LOVE this post! I love anything grammar-related so this is just awesome. Thanks for sharing!!
    Sara recently posted..One [Frustrated] Beautiful BloggerMy Profile

  22. cherylann August 16, 2012 at 7:30 pm #

    you actually found the time/effort to write this? I guess I have never heard the mistakes as I don’t “do” the class stuff. But if it’s a good instructor I wouldn’t care if they were grunting at me….who cares!?

  23. misszippy August 17, 2012 at 10:17 am #

    I loved this! Coming from a writing background, I’m a bit of a stickler. But I also know I make mistakes (like fragments, which I love and refuse to stop using). Perhaps it’s a good thing I don’t have to teach any group classes!

    My pet peeves (which pertain to writing more than speaking): dangling participles, and its vs. it’s.
    misszippy recently posted..Iron Girl go timeMy Profile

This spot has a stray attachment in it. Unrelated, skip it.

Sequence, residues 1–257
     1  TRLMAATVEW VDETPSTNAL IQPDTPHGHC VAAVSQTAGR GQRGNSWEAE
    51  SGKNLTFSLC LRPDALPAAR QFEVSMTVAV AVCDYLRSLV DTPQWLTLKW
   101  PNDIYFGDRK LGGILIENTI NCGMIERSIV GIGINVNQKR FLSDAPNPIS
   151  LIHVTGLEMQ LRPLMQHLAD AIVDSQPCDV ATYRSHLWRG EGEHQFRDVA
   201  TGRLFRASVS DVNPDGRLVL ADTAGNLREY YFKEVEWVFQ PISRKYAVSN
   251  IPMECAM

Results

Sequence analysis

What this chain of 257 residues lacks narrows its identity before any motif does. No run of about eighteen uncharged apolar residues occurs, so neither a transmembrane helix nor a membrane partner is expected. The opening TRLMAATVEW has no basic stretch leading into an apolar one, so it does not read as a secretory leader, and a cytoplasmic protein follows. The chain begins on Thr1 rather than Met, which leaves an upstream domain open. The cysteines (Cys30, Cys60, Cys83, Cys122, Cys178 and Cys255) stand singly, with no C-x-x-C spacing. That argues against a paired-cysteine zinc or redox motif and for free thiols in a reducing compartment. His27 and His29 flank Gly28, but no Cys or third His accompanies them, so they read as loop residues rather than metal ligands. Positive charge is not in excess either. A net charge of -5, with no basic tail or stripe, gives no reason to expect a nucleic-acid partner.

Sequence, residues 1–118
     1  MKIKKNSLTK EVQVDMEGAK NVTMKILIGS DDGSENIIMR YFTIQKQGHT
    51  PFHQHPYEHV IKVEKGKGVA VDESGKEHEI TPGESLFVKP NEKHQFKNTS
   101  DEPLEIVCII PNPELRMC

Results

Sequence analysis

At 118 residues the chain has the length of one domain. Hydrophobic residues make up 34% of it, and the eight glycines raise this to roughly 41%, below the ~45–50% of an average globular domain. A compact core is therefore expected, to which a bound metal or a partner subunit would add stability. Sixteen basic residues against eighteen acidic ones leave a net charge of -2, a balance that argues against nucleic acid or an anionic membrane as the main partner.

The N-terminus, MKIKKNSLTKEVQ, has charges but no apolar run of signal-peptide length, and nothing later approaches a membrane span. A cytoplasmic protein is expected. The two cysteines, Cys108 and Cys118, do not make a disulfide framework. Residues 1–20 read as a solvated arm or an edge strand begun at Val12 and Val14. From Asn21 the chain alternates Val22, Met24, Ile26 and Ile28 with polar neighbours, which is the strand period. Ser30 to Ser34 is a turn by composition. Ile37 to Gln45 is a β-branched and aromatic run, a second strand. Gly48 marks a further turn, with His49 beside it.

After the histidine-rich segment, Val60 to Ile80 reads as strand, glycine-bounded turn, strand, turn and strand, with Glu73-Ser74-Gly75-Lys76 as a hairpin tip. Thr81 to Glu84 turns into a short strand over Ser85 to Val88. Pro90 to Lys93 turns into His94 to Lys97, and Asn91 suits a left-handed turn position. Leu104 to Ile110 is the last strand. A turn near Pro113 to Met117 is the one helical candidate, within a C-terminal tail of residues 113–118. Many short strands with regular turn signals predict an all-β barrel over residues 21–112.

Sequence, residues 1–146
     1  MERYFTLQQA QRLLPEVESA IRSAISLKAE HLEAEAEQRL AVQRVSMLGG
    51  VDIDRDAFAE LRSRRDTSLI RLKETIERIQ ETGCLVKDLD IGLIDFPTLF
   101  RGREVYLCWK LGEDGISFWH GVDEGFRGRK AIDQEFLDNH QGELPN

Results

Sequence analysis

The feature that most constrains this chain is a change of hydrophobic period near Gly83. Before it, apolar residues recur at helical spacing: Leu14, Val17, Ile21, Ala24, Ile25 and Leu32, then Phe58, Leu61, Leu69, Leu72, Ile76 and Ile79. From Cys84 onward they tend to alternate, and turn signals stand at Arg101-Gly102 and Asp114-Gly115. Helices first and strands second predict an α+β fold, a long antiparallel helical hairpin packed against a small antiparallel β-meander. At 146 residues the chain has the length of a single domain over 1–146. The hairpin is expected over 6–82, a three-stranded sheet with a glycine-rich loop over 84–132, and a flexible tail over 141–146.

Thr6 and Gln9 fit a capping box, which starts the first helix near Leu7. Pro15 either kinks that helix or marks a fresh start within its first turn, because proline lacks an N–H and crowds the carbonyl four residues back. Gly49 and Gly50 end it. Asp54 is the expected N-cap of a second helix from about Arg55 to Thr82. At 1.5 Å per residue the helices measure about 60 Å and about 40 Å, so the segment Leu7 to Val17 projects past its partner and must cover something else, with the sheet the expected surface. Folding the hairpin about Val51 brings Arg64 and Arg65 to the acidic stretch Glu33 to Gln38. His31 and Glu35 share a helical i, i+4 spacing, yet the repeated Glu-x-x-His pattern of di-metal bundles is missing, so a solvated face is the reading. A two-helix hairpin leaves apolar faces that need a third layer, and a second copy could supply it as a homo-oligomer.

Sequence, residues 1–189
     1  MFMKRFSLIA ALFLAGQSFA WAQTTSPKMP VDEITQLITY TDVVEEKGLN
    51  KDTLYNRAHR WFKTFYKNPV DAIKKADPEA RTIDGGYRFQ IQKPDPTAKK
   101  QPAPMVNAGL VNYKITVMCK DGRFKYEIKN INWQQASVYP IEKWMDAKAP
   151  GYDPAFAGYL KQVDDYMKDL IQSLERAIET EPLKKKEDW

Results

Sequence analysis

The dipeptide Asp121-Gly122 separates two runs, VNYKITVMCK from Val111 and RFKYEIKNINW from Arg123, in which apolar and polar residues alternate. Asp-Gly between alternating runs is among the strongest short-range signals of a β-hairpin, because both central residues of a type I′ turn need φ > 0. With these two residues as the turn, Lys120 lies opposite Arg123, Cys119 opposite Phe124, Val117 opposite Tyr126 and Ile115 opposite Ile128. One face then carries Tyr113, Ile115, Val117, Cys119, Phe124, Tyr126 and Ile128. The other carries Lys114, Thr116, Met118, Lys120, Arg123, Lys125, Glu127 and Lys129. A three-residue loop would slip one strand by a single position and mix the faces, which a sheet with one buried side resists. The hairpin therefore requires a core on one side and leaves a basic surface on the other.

24. Laura @ Sprint 2 the Table August 17, 2012 at 4:56 pm #

    As a total grammar geek, I adore this post. And I’ll be printing it to post in my gym’s locker room. Thank you. :)
    Laura @ Sprint 2 the Table recently posted..Lemon Cardamom GranolaMy Profile

  25. Calla Gold August 20, 2012 at 12:21 pm #

    Thank you for clearing up the grammar gaffes! Now, I better go lay down before my workout regiment starts and I have to raise up to the challenge. Oh, and I can’t forget to eat healthy. Thanks for setting us all straight! Calla Gold

  26. Dr Prem October 16, 2012 at 2:50 am #

    I love this article. Thanks for reviewing the grammer mistakes
    Dr Prem recently posted..-My Profile

  27. Allie March 21, 2014 at 12:58 pm #

    Leave “eat healthy” as is. Really, it’s an idiomatic expression on par with “eating [a] healthy [diet].” To say “eat healthily” or “eat healthfully” just doesn’t sound right, and it sounds more like you’re describing the manner in which they are eating (e.g., chewing thoroughly) rather than what they’re eating. “Eat healthy” FTW!